Mike Bloomberg, the billionaire former mayor of New York who had hoped to self-fund his way to the Democratic presidential nomination but was spurned by voters in Tuesday’s balloting, has suspended his campaign, the Washington Post reports.
Bloomberg endorsed Joe Biden, saying the former vice president had the best chance to win in November.
Said Bloomberg: “I’ve always believed that defeating Donald Trump starts with uniting behind the candidate with the best shot to do it. After yesterday’s vote, it is clear that candidate is my friend and a great American, Joe Biden.”
“Sen. Elizabeth Warren is taking a day to assess whether she still has a path to the Democratic nomination after a disappointing Super Tuesday in which she finished an embarrassing third place in Massachusetts, her home state,” The Hill reports.
“Warren flew home to Boston late Tuesday and has no public events scheduled for the day.”
The next round of primaries will include Michigan, and a new poll from Detroit News/WDIV-TV survey shows Joe Biden leading Bernie Sanders in the Democratic primary, 29% to 23%. They are followed by Mike Bloomberg at 11% and Elizabeth Warren at 7%.
Ron Brownstein: “The surprisingly decisive result left Sanders, a candidate who prides himself on his pile-driver-like consistency, facing a new challenge: finding a second act that can appeal to voters beyond the fervid base he has established. The evening’s clearest message was that while the senator from Vermont has inspired a passionate depth of support, the breadth of his coalition remains too limited to win the nomination.”
“Sanders reached 33% or more of the vote in just five of the 14 states that voted (including his home state of Vermont) and did not exceed 36%, his share in Colorado. Biden had a higher ceiling: He won at least 39% in seven states and roughly a third of the vote in three others.”
Said pollster Stan Greenberg: “Sanders has made no effort to reach out beyond his voters, his movement, his revolution. It just has not grown. It is an utterly stable vote that is grounded in the very liberal portion of the Democratic Party, but he’s so disdainful of any outreach beyond that base. He seems content to just keep hitting that drum.”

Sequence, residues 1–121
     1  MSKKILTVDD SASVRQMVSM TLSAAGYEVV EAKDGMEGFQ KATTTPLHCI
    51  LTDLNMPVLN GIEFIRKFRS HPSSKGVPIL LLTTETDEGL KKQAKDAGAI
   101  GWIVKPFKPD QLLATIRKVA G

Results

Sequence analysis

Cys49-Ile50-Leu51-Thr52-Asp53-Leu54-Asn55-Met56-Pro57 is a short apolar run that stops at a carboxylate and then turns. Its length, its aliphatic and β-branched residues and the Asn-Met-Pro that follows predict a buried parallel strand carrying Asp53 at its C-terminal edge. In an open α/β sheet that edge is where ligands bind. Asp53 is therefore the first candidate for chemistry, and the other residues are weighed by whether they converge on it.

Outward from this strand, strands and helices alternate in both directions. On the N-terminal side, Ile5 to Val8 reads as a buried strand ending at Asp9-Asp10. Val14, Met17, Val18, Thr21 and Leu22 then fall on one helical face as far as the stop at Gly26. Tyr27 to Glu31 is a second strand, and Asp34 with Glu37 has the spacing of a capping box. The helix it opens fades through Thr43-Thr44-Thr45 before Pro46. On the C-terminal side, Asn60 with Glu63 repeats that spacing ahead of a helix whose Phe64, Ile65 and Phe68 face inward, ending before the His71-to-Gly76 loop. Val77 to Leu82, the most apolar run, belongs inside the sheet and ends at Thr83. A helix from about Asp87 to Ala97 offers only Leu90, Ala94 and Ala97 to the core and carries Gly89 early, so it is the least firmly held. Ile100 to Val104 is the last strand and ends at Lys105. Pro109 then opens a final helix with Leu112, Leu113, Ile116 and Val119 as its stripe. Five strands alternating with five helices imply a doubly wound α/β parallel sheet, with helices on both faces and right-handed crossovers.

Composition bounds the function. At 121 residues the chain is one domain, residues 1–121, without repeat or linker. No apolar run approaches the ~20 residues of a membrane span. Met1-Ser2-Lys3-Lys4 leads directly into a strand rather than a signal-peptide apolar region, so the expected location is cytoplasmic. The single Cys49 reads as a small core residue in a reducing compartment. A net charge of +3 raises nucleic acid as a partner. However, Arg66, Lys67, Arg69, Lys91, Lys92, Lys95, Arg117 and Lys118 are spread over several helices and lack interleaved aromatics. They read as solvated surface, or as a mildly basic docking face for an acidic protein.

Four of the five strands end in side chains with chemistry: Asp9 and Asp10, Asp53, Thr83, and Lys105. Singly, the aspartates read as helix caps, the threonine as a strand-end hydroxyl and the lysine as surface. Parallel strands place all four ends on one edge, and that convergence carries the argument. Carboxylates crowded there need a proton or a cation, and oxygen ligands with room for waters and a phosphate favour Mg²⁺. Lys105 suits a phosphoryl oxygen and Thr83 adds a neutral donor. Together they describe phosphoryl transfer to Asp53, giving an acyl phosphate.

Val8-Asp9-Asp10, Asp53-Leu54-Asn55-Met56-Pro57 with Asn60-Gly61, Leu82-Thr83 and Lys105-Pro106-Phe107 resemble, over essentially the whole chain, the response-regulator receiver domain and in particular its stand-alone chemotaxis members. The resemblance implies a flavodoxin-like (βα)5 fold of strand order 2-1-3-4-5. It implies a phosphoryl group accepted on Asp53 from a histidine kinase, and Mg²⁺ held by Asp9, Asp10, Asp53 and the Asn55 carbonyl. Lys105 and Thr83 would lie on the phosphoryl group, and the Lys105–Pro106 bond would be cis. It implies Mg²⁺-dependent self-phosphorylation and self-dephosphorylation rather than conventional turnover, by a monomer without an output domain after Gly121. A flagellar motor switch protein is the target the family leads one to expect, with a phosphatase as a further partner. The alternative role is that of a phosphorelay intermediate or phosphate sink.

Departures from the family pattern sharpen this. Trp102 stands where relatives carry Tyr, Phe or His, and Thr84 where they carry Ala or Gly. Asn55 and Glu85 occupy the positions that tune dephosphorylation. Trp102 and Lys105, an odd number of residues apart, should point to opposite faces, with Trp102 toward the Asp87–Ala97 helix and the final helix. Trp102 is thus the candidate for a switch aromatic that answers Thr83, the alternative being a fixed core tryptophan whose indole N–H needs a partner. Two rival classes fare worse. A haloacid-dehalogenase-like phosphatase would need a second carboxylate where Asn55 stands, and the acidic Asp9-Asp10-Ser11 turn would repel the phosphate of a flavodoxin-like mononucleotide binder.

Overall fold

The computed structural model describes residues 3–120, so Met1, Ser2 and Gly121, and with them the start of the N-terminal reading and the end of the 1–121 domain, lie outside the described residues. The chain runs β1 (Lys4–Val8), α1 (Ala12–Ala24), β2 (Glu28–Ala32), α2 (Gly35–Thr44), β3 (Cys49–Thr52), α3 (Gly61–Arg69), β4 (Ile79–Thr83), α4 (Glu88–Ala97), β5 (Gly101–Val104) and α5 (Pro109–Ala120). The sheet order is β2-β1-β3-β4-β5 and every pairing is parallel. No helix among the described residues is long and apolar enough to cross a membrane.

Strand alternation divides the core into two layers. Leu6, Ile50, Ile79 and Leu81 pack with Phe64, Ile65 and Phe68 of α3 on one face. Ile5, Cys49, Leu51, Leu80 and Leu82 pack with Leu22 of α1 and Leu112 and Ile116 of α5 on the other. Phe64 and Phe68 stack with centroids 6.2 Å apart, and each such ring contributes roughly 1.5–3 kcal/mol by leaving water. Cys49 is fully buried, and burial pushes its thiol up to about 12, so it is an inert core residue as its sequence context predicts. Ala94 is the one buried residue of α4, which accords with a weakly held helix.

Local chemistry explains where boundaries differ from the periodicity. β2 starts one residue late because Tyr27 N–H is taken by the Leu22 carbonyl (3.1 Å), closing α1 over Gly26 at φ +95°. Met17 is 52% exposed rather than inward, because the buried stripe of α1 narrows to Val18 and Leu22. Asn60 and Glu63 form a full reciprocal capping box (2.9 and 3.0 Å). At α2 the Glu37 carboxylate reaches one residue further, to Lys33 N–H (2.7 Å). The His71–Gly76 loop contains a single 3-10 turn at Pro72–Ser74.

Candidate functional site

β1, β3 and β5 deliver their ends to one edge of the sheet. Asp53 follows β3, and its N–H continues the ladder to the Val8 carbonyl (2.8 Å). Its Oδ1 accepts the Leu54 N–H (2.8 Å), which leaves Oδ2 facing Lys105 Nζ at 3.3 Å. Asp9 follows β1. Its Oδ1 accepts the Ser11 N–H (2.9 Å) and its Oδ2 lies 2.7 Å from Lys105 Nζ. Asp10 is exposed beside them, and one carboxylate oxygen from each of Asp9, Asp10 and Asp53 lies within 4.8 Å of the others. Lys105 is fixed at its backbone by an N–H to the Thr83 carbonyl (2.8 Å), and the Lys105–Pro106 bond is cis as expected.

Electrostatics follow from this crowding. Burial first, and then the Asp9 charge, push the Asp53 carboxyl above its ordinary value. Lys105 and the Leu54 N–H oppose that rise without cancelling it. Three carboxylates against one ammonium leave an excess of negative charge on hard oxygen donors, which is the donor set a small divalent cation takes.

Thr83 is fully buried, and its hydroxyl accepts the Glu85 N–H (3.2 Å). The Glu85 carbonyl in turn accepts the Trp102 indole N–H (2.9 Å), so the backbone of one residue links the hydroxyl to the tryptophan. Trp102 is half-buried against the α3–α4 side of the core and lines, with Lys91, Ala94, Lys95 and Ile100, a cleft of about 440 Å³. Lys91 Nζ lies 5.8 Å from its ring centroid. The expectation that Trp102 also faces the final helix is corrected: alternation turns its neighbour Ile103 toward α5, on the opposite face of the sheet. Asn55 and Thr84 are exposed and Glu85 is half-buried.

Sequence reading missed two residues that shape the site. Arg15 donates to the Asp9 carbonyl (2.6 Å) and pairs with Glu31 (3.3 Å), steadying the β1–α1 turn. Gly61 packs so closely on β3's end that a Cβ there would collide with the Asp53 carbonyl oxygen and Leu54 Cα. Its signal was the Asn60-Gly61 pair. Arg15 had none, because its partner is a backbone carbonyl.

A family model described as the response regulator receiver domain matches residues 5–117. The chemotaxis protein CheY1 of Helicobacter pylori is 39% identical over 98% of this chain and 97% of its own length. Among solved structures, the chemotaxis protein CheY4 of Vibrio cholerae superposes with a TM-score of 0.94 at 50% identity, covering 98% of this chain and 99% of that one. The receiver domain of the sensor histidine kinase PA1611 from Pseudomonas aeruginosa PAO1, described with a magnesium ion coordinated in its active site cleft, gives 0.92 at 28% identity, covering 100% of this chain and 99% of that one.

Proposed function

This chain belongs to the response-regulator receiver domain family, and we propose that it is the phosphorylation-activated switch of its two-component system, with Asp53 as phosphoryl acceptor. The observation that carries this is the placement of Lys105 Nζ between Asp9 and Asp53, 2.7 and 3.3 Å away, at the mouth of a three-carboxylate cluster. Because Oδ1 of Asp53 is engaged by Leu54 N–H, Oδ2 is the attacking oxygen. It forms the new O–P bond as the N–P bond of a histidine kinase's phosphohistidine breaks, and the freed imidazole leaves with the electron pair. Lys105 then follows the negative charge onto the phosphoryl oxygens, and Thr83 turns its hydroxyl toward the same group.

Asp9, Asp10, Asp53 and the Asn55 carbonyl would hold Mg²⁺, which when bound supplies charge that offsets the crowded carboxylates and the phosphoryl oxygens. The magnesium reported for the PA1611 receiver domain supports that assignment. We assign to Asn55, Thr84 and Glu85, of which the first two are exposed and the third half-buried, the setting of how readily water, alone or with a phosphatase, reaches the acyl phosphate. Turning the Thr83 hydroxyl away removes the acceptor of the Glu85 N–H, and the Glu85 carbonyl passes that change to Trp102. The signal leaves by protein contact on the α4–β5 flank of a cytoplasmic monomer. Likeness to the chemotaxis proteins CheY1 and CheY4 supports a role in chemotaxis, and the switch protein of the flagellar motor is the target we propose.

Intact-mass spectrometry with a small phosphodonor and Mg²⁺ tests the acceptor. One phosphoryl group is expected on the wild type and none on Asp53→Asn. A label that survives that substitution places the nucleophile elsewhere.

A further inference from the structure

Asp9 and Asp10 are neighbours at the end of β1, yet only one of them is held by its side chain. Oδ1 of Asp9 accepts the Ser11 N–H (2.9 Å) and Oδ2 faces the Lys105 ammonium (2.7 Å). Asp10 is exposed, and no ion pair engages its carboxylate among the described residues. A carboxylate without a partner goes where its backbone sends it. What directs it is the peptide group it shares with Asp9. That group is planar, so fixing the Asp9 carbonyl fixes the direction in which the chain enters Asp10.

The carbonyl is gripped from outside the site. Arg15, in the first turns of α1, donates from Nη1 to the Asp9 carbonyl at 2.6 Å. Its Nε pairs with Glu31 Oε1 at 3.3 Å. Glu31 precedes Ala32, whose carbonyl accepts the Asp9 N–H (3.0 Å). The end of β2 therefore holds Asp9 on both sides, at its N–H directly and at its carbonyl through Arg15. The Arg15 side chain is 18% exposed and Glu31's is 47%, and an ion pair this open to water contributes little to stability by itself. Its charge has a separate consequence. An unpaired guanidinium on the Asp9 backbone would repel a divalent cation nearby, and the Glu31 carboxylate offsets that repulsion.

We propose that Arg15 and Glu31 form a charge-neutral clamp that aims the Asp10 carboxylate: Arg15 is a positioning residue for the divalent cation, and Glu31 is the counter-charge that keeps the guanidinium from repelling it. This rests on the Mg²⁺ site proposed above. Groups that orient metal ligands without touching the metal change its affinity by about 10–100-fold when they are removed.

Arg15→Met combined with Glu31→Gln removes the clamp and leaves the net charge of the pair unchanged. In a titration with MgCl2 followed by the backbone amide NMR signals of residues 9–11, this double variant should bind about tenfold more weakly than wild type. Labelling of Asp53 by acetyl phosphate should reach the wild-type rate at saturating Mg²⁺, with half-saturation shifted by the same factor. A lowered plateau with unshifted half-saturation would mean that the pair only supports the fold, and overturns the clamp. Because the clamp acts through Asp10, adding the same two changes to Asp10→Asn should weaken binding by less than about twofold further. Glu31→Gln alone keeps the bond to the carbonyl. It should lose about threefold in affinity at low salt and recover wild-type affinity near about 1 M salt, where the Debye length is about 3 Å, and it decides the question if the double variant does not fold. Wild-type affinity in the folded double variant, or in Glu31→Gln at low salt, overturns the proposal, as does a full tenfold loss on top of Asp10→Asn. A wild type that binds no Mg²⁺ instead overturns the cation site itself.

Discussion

This is one of the reasons I dislike Bernie and will never vote for him in a primary. If wants my party’s nomination, he should stop attacking my party and all Democrats all the time. Speak more positively about taking the party in a new direction. Talk about the future.
Tim Miller: “They don’t want a revolution—they just want to stop having to talk about this president’s behavior with their kids. They are the 100,000 additional voters who voted in Fairfax County, Virginia, over the Democrats 2016. They are the Human Scum and independents and moderate Democrats in the Dallas and Houston suburbs, who appeared to give Biden an improbable primary victory in Texas. They are the working-class Democrats in Norfolk Country, Massachusetts, who went for Biden over both Bernie and their own, home-town senator.”
“This is the new silent majority. They are his path to an improbable White House comeback.”
In a now-deleted tweet, Marianne Williamson called it a “coup” that former Democratic candidates threw their support behind former Joe Biden, USA Today reports.
Said Williamson: “This was not a resurrection; it was a coup. Russia gate was not a coup. Mueller was not a coup. Impeachment was not a coup. What happened yesterday was a coup. And we will push it back.”
Attention Bernie guys and gals, candidates endorsing other candidates after ending their own campaigns is not a coup. It is called politics, and it is something you all are demanding Elizabeth Warren to do. Are you all engaging in a coup? No. You are engaging in politics. Politics is about building coalitions to win office, so you can enact policy.
The problem with Bernie and purity progressives is you all do not like building coalitions, and instead you look to exclude those who may be allies but are in fact impure. That is not a recipe in expanding your voting base so you can win the primary and general election.
Further, the act of not voting for Bernie in an election is not the act of the voters being complicit with the DNC in rigging the election against Bernie. They are simply voters voting for the candidate they like. I am so sorry that the candidate that these voters like is not Bernie Sanders.
This dive into conspiracy land when the news isn’t good for a dear leader is Trumpian, not liberal or progressive. The first step in coming to terms with a loss is accepting reality rather than denying facts.